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Yamaha XV750

Yamaha XV750

It seems only yesterday that the American-style cruiser trend hit Europe, but in reality Yamaha paved the way for this category as early as 1981 when they first unveiled a cult classic that became the defining bike of this class: the XV750 Virago.

Mounting a specially developed 75-degree V-twin engine on a pressed backbone type frame with Monocross rear suspension, the XV750 Virago was a pure American style cruiser in every aspect. From the planning stage of the development project, customer surveys were conducted in the U.S. And, when those surveys revealed that users considered the 'V' engine to be the power unit of choice for cruisers, the project would remain true to that preference. The fact that Yamaha's engineers made the development of the company's first side-positioned V-twin power unit the centerpiece of this project is further proof of their desire to make this model the real thing.

At the same time they were fully aware that there would be no meaning in building a bike that was merely a duplication of American makers like Harley Davidson. The aim was to fully grasp the tastes of the American riders and then create a bike with a distinctively Yamaha character and attention to detail. Only that kind of attitude could produce a cruiser that was the real thing.

The appeal of the V-twin engines of American-style cruisers was the kind of hard-biting torque that bites into the road and an exhaust sound with powerful pulse. On the other hand, Yamaha's strengths lay in the high level of its race-bred engine performance, an obsession with form and the beauty of the lines of the cooling fins. So the development objective became a well-balanced marriage of these two contrasting engine characters. The most difficult decision was the "V" angle. After analyzing the full range of different angled V-engines from Harley, Ducati, Vincent, Moto Morini from the standpoint of pulse strength, quality of performance, effect on chassis design and the beauty of the V itself, the Yamaha team decided on the 75-degree V.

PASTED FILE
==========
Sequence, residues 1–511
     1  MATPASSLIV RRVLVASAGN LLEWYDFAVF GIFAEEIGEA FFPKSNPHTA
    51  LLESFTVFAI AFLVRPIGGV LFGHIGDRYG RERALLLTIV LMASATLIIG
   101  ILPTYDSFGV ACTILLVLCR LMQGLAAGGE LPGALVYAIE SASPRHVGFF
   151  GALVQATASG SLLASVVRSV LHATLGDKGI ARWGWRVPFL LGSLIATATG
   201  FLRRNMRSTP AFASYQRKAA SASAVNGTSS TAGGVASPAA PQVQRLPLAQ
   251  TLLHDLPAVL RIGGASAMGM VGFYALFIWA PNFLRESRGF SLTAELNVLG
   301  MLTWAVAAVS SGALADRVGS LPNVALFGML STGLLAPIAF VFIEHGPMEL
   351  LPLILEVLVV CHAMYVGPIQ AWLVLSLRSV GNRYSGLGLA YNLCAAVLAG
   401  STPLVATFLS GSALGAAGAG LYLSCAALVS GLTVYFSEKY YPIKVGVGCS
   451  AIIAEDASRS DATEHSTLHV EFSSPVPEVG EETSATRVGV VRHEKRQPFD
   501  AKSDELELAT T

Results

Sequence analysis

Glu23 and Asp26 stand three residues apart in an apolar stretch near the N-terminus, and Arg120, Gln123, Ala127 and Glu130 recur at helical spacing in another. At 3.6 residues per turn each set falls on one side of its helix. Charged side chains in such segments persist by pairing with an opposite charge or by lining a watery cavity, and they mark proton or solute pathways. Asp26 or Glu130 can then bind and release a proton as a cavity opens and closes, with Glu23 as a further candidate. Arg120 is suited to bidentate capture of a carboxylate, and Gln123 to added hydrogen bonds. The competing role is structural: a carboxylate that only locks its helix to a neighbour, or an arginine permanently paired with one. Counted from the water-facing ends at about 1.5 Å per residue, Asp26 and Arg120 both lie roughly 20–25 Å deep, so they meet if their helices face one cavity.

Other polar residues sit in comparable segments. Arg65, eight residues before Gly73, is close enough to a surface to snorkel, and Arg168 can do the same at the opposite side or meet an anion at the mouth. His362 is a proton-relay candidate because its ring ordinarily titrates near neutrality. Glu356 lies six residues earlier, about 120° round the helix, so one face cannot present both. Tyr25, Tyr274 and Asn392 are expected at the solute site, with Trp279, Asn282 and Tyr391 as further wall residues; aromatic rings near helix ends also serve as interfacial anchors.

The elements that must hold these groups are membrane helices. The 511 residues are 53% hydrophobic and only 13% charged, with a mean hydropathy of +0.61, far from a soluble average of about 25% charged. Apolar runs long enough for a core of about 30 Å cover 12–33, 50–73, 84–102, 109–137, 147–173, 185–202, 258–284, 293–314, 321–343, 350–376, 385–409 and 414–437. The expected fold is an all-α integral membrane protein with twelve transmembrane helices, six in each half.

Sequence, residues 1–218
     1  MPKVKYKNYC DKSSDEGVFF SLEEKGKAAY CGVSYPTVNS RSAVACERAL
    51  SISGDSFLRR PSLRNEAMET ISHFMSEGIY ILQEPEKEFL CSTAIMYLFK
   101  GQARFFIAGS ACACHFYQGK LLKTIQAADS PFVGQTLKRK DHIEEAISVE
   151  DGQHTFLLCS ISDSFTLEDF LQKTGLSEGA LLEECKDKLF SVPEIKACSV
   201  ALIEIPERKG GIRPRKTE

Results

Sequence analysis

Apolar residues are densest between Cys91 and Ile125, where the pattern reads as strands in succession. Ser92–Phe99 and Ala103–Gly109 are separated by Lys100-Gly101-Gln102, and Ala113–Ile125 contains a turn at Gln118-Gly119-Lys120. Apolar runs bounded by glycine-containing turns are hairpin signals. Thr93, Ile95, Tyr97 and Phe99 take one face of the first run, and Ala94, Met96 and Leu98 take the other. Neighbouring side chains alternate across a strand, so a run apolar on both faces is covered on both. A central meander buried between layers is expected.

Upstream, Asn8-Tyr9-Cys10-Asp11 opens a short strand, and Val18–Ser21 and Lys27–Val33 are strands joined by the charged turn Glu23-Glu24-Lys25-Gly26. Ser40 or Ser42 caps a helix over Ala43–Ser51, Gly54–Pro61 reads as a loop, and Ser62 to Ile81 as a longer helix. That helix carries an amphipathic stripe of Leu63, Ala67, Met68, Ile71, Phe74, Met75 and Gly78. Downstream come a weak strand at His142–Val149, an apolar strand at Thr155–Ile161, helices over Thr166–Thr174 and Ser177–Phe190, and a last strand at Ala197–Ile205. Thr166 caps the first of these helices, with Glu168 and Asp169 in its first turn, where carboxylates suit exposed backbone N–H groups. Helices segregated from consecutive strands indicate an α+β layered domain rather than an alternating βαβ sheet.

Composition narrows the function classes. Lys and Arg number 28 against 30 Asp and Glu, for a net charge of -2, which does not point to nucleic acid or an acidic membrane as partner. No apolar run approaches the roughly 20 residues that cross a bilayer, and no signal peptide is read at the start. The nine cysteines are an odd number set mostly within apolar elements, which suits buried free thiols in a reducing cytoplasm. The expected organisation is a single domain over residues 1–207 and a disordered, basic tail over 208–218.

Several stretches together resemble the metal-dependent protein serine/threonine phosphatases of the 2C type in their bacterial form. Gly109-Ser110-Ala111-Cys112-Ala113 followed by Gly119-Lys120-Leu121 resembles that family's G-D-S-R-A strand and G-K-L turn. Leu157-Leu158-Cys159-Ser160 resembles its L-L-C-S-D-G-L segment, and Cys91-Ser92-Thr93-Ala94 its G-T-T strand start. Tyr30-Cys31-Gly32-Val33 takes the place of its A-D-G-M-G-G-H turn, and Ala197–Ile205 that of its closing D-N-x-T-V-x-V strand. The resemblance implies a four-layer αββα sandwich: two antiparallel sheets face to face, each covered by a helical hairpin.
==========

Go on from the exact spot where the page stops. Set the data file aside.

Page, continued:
Then, in order to build a chassis with the impressive low and long styling of the traditional cruiser with a typically Yamaha light weight and slim lines, a new monocoque structure steel pressed backbone type frame was developed. This frame, which used the engine as a stressed member, was designed to embrace the engine with all its front-rear, top-bottom protrusions of the head assembly in a way that showed off the beauty of the air-cooled 75-degree V-twin as much as possible.

At the same time, numerous innovative measures were taken to make optimum use of the limited space around the engine, such as using the space inside the frame as an air passage to supply air to the carburetors positioned in the V-bank so that the air cleaner box could be positioned under the seat. All this enabled a design with a low seat height of just 750 mm and slim body lines.

Furthermore, taking into consideration the preference of American riders for sturdy, durable design and the convenience of maintenance-free components, a Yamaha-exclusive shaft drive system was adopted. And, to ensure comfortable, enjoyable riding, our latest Monocross rear suspension was adopted and equipped with a remote-control 6-level adjustable air cushion set.

The resulting model was a true flagship for Yamaha as a maker, aggressively pioneering new possibilities in the American cruiser category.

Yamaha XV750 General specifications:

  • Dry weight: 294kg
  • Overall length mm: 2320
  • Wheelbase mm: 1520
  • Cylinder arrangement: V-twin
  • Bore & stroke: 83 x 69.2
  • Displacement: 748cc
  • Compression ratio: 1:8.7
  • Maximum horsepower: 65.5 CV/7250rpm
  • Transmission: 5 speed
  • Front suspension: Hydraulic fork
  • Rear suspension: Monocross single shock
  • Front tyre: 3.50H19-4PR
  • Rear tyre: 130/90-16 67H